A West Country huntmaster was knocked unconscious in a vicious attack by masked hunt saboteurs armed with iron bars, the Western Daily Press can reveal.
Police in Wiltshire are investigating the incident, which happened near the village of Everleigh, near Amesbury, at the end of a fractious day of confrontations between sabs and the Tedworth Hunt on Saturday.
Officers called to the incident ended up giving first aid to the huntsman, Mike Lane, before paramedics arrived. He was rushed to the Great Western Hospital in Swindon and kept in overnight with head injuries, which included concussion and several broken teeth.
Police in Wiltshire have launched a major investigation into the disturbance, which happened as the meet closed at Weather Hill Firs, between Everleigh and Haxton, at around 4pm.
Their investigations will centre around trying to identify the hunt saboteurs responsible. Video footage captured by several mobile phones among hunt supporters at the scene appear to show Mr Lane being punched to the ground and then kicked in the head a couple of times before the hunt saboteurs run off.
A spokeswoman for Wiltshire police said: “We were called at around 4pm on Saturday to the scene of an incident between Everleigh and Haxton. The Tedworth Hunt had been out on a drag hunt and according to the hunt, a group of up to a dozen people – both men and women – wearing balaclavas had been harassing the hunt throughout the day.
“The protestors had left the scene by the time police arrived. We can confirm that a 39-year-old man from the Marlborough area who is involved with the hunt was assaulted and needed treatment at Great Western Hospital.
“The man was knocked to the ground and received injuries to the head and back and was briefly unconscious. Police officers gave him first aid until an ambulance arrived.
“We are gathering evidence from witnesses, including video and still images recorded by Tedworth Hunt supporters,” she added.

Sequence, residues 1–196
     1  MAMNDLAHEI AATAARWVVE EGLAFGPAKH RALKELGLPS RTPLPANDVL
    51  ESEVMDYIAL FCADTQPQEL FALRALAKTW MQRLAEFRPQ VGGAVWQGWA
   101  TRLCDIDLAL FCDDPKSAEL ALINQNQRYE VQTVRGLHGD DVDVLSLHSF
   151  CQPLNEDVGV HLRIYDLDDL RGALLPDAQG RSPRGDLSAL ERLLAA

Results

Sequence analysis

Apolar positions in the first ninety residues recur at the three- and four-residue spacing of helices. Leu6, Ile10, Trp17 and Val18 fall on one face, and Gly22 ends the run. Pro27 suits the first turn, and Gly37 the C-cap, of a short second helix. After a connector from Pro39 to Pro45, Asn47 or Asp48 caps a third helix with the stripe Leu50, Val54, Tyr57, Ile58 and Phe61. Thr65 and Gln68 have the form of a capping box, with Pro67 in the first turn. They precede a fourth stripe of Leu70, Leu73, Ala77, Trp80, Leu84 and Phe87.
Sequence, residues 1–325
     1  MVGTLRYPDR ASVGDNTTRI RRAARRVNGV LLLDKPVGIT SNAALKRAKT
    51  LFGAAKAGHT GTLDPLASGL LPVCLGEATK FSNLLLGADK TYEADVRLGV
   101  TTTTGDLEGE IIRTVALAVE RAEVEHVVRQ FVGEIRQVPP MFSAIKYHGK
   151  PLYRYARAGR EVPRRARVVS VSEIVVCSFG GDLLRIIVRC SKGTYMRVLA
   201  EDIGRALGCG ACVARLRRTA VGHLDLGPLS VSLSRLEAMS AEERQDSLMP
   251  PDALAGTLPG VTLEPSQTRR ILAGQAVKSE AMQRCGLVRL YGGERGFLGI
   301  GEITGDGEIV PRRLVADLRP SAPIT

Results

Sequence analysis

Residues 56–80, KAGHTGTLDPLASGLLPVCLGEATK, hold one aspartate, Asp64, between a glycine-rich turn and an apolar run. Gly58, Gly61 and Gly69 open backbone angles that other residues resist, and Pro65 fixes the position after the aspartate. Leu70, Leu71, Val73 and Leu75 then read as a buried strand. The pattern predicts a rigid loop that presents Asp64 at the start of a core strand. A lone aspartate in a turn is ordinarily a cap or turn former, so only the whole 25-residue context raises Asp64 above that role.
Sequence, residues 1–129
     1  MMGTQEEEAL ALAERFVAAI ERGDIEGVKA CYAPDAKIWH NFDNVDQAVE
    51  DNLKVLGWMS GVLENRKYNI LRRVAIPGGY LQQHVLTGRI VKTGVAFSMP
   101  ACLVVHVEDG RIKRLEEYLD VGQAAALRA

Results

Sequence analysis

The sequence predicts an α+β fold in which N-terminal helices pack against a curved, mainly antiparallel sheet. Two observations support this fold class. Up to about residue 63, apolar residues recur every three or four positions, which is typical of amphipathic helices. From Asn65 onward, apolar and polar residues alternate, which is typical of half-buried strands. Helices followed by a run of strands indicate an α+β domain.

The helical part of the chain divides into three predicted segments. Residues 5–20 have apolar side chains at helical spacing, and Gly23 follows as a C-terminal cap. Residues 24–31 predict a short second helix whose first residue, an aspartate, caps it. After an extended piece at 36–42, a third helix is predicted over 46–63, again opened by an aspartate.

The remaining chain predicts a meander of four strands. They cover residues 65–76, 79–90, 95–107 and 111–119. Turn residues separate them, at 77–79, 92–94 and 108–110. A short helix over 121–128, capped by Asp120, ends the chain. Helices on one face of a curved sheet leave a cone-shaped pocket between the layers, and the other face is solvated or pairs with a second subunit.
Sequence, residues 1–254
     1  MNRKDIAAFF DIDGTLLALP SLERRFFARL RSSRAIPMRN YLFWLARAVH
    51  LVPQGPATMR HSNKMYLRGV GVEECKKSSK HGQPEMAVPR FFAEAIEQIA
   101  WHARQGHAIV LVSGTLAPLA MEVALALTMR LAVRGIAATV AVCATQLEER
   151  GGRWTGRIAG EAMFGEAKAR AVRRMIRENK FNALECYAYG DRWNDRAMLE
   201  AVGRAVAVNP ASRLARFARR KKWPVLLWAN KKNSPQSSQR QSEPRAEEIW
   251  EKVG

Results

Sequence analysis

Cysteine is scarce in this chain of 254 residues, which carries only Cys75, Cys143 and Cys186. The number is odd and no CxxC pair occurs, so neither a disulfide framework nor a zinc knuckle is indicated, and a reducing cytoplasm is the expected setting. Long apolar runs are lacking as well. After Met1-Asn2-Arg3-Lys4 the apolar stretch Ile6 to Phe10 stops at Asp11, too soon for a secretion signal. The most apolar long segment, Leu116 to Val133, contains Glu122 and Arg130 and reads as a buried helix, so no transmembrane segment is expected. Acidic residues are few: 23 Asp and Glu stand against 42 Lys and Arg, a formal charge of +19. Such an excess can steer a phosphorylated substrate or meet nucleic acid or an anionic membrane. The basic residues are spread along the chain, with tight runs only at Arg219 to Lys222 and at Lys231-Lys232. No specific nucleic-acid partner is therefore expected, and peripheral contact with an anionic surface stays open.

Mr Lane has been told to rest for at least a week following the concussion he sustained. Police said they are treating the case as a serious incident of ABH and potential public disorder.
Inspector Paul Longden, of Wiltshire police, said the attack was ‘unacceptable’. “Whilst we have no issue with people lawfully protesting, this was a totally unacceptable assault involving a group of men and women wearing balaclavas.
“We are making every effort to find and bring to justice the people who inflicted these injuries,” he added.
Mr Lane said he could remember little in the aftermath of the attack, but that hunt saboteurs had plagued the hunt all day.
“They followed is from the kennels that morning and during the days they were quite upset and there were a number of confrontations,” he said. “We were quite upset that they were spraying the hounds with citronella spray and we remonstrated with them.
“We were packing up just after 4pm and it got quite violent. Five or six of them came across to where we were all parked and started to make a nuisance of themselves. I went over to try to calm it all down and one of them spat in my face. I was then punched by another and a scuffle broke out.
“I slipped over and on the ground one of them kicked me in the head twice and knocked me out. To be honest, I have no other recollection of what happened after that. They were swinging iron bars on lengths of rope at one stage. Luckily there were still enough people around who came to my aid and they ran back to their vehicles and drove off at speed,” he added.
“Lots of people videoed what happened, and it is quite disconcerting to see yourself being knocked out on film,” he added.
The incident is the latest in a long line of violent confrontations between hunt saboteurs and hunts in the West Country, with both sides claiming the other to be more the more violent.
Last week, the Western Daily Press reported how saboteurs had been mobbed by students from the Cirencester-based Royal Agricultural University after trying to disrupt a meet of the college’s beagle foot pack at Knockdown, near Tetbury.
The campaign director for the Countryside Alliance, Tim Bonner, said the incident in Wiltshire showed that saboteurs needed to ‘unmask’. “This was a particularly nasty and cowardly attack by people who hoped by wearing face coverings they would avoid prosecution,” he said.
“The number of people involved in saboteur activities is far fewer than in the past, however we are concerned that the extremists who remain are increasingly resorting to violence. There have been a number of incidents over the past few years involving assaults on hunt staff and supporters by people who have masked their identities. We are particularly worried about the increasing tendency to violence by those wearing balaclavas and face coverings in a bid to escape the law.
“We call upon the police to use their powers, wherever possible, to unmask people who wear face coverings to hunt meets before there is violence,” he added.